It is best for your child to drink from an open cup when possible, but as a mom I 100% feel sippy cups are essential for day-to-day life. So if you’re doing sippy cups I’d recommend the Munchkin 360 cups and the nuby straw cups! Just please don’t do spouted sippy cups! Seriously, they are not good for oral-motor development and there are so many better options out there today!
I love this Noah’s Ark shape sorter! Your child probably won’t be able to match the animals with their shapes for a long time, but it’s great for vocal play (animal noises), learning in/out, and expressive/receptive language building. The only downside is the pieces are hard, so watch out if your little one is in a throwing phase!
Soft doll or animal
I am not trying to debate social norms and gender roles with this one. Pretend play skills correlate with language development and are something we address in speech for boys and girls. So by age 1 your child would benefit from having a soft doll to play with. Your little one should start initiating doll-directed play in which your child does a pretend activity to a doll (feeds it, brushes its hair, dresses it, etc) around 18 months. Van’s doll is similar to the one below. We call him his “buddy”.
Little People sets
Great for older toddlers! Around age 2-2 1/2 doll-as-agent play emerges. This means rather than simply feeding a doll or brushing its hair, we’d expect your toddler to begin pretending dolls are driving, cooking, etc.
Plexiglass floor mirror
Mirrors are perfect for babies and toddlers to see how you’re forming words and sounds. Encouraging your older baby or toddler to imitate faces and engage in vocal play in front of the mirror can also enhance these pre-linguistic skills. I actually bought ours from Ikea several years ago for speech sessions, and I don’t think they make it anymore! If you find a deal on a good, large one- scoop it up!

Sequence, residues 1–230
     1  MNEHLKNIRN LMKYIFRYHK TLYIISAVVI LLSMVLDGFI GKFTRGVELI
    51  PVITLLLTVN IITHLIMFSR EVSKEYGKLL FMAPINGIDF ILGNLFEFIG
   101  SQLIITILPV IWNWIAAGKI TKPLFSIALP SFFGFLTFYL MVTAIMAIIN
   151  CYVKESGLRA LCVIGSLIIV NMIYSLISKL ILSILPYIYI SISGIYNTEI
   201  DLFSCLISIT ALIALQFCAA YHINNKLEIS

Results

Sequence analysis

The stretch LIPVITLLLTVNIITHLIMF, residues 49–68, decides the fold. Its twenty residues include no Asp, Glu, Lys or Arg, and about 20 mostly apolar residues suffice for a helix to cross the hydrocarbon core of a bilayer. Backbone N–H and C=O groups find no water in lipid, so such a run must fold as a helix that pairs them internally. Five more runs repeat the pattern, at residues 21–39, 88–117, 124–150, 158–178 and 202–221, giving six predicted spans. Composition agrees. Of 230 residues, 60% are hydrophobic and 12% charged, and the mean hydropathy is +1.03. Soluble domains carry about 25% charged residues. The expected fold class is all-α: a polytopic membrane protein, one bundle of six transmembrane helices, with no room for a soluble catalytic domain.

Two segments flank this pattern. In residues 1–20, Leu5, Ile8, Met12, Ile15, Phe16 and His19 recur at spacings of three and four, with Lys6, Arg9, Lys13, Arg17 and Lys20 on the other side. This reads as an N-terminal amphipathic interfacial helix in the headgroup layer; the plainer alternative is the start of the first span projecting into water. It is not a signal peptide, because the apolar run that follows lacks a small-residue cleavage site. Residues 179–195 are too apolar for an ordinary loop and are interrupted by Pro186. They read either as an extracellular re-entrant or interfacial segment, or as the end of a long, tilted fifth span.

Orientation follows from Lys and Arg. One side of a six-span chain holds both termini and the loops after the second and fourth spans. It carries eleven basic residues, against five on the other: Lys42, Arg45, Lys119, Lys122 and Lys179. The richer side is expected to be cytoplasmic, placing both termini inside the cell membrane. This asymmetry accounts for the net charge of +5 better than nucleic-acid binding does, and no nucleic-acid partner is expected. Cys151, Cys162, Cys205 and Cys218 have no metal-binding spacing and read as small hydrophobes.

If you’re ready to go big this year…get a play kitchen and play food
We are getting Van one this Christmas! These are so great for vocabulary building, following directions, in/out, and feeding. I’d recommend foods that you want your child to eat (i.e. veggies and meats). Talking about them in a play based activity might make your baby or toddler more willing to try them during meals. In addition, play kitchens are great for learning simple verbs (eat, wash, drink, cook). Your little one will love putting foods “in” the fridge or in various pots and pans. And the best thing about it, is a play kitchen can grow with your little one. You can always add a wider variety of foods, new pots and pans, and even some little appliances. And while your child will probably make a mess with all of the pieces, most of them have storage space so you can tuck those little pieces away when you need to! Step2 makes great play kitchens for young children.
Play Food in a Basket
If you’re not ready to get the whole kitchen this year, soft veggies or fruits in a basket are an excellent alternative for babies and toddlers. And you can always let them use these with some of your kitchen-ware too!
Let me know if anyone has problems using the links! And if you have experience with these or other items that have helped your child’s speech or language improve, I’d love to hear from you!
Happy Thanksgiving everyone!